More to residents than simply commercial outlets, neighbourhood businesses are critical to communities. They serve as significant social spaces, much loved gathering spots, places selling goods and services we rely on for our daily needs and a critical component of local economy.
Prior to COVID-19, many neighbourhood businesses were struggling for survival due to high property taxes, unsuccessful lease negotiations, and arterial rezoning policies [i]. Whereas bigger national and multinational companies remain largely unaffected, the smaller, locally-owned businesses are forced to leave their neighbourhood. This is evident in South Granville and at Main and 26th Avenue (particularly Little Mountain Gallery) for example. This has also been worrying for small businesses at the heart of Mt. Pleasant at Main and Broadway with the Skytrain development.
With restrictions for public health starting at the end of March, many small businesses either fully closed, or operated at a much-reduced capacity. The ability to make rent is a serious concern. Many have debated whether they would reopen again. Closures, restrictions on numbers of people in addition to lower consumer spending due to the economic slowdown have forced business models to change. Some business models may no longer be viable if a restaurant or bar can only operate at reduced capacity for example.
Despite federal government supports such as wage subsidy (CEWS), business loans (CEBA) and Commercial Rent Assistance (CECRA), these programs may not be structured in a way that gives businesses the help they need (for example, a landlord may choose not to apply for the rent assistance program which results in no assistance for the tenant). Looking towards the months and year ahead, our neighbourhood high streets with local businesses may end up very differently.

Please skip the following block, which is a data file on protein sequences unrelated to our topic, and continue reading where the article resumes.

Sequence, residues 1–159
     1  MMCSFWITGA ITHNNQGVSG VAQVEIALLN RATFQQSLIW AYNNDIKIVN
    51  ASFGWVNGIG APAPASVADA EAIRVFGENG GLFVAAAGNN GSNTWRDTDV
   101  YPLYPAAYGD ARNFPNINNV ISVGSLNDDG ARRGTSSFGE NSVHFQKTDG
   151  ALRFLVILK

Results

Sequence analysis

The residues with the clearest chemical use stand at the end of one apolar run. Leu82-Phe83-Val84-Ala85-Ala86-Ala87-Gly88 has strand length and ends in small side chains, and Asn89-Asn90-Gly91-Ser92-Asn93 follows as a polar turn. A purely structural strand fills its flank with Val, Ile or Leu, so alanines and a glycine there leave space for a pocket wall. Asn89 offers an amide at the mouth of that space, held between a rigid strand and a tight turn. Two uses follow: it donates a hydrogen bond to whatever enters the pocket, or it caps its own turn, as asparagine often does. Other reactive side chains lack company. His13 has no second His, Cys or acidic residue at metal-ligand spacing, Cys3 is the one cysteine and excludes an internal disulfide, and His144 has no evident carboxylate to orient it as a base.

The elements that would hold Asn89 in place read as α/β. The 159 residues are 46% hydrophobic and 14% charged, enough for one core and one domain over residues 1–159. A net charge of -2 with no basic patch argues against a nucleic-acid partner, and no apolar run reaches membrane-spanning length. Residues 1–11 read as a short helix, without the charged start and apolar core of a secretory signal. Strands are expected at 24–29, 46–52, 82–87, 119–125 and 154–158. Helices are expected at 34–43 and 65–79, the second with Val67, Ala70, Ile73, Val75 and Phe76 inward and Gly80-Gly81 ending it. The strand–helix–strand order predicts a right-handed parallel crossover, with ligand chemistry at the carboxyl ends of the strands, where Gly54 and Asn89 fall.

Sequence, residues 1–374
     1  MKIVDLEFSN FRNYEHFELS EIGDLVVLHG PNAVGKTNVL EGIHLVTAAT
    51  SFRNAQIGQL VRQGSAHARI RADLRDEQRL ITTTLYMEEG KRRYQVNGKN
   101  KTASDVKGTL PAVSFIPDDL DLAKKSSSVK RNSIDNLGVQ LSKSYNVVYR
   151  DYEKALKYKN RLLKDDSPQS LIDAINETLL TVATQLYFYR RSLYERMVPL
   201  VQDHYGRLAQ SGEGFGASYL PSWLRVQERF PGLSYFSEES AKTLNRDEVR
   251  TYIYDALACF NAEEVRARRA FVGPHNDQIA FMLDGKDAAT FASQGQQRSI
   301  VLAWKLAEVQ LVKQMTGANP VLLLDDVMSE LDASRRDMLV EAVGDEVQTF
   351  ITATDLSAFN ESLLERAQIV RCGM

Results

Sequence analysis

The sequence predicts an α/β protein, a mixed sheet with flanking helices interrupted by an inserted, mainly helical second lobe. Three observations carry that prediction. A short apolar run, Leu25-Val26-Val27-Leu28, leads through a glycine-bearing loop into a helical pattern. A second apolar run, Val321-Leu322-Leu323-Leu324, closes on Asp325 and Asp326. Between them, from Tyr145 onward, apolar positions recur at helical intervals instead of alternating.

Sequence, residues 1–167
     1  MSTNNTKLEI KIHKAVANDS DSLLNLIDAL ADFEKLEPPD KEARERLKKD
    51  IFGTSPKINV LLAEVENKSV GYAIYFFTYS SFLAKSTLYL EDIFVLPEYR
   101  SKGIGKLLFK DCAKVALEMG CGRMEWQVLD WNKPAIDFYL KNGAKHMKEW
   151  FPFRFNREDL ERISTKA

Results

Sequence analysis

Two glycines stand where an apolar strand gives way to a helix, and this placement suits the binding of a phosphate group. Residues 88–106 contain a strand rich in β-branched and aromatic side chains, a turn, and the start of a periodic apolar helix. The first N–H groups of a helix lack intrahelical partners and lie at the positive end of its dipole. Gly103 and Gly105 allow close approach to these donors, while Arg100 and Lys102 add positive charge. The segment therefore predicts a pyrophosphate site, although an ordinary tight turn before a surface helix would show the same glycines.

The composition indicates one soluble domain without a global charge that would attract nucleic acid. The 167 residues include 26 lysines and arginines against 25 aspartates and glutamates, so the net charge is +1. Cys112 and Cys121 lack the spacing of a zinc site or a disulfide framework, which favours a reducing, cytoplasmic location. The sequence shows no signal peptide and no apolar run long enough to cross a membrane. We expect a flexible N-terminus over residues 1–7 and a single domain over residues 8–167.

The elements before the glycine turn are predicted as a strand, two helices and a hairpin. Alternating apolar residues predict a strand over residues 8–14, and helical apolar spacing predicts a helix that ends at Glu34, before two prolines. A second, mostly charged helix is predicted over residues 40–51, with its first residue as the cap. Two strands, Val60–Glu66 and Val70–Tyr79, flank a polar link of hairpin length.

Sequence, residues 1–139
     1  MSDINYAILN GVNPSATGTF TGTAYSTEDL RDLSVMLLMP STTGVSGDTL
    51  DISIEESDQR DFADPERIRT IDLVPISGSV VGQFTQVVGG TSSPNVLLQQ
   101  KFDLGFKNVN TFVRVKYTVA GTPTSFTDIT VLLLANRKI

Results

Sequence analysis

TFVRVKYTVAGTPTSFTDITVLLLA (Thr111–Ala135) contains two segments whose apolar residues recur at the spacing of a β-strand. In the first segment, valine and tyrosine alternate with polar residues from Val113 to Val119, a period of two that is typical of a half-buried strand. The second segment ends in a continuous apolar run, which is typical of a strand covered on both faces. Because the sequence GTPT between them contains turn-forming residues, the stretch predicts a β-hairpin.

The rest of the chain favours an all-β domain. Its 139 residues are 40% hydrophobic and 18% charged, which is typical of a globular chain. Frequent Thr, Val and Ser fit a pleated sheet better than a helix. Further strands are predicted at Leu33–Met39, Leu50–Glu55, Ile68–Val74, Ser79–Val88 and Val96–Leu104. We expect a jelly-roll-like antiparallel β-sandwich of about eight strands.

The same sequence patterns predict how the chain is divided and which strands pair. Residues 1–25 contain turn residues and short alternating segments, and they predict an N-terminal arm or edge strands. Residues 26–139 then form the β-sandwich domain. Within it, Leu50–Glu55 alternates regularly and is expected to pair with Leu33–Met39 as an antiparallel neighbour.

My Main Street barber knows my hairstyle, my favourite cafes have watched my brother and I grow up, and my local grocer always lets me know what’s fresh from cherries to lychees. And so it is with many of our city’s small businesses. Whether it’s a Kingsway butcher, a Killarney bakery, or a Kerrisdale tailor, our neighbourhoods wouldn’t be the same without these go-to places and the personalities there that have gotten to know us.
– Tyee reporter Chris Cheung, whose stories give us a glimpse of the different lives that make up our city
Relationships between local residents, business owners, their staff and local suppliers are critical for our neighbourhoods and communities. Local small businesses help us experience and learn about the people and cultures who make up the broader city. Many serve the specific needs of the specific demographics in different neighbourhoods often at price points affordable to those in the area. Local businesses are an integral part of local economy, recirculating money back into the local economy. Some are “legacy businesses” that have a long history. All this creates a sense of place.
This was summed up by Patricia Barnes, Executive Director of Hastings North Business Improvement Association when she told us about the importance of local businesses to the Hastings Sunrise neighbourhood: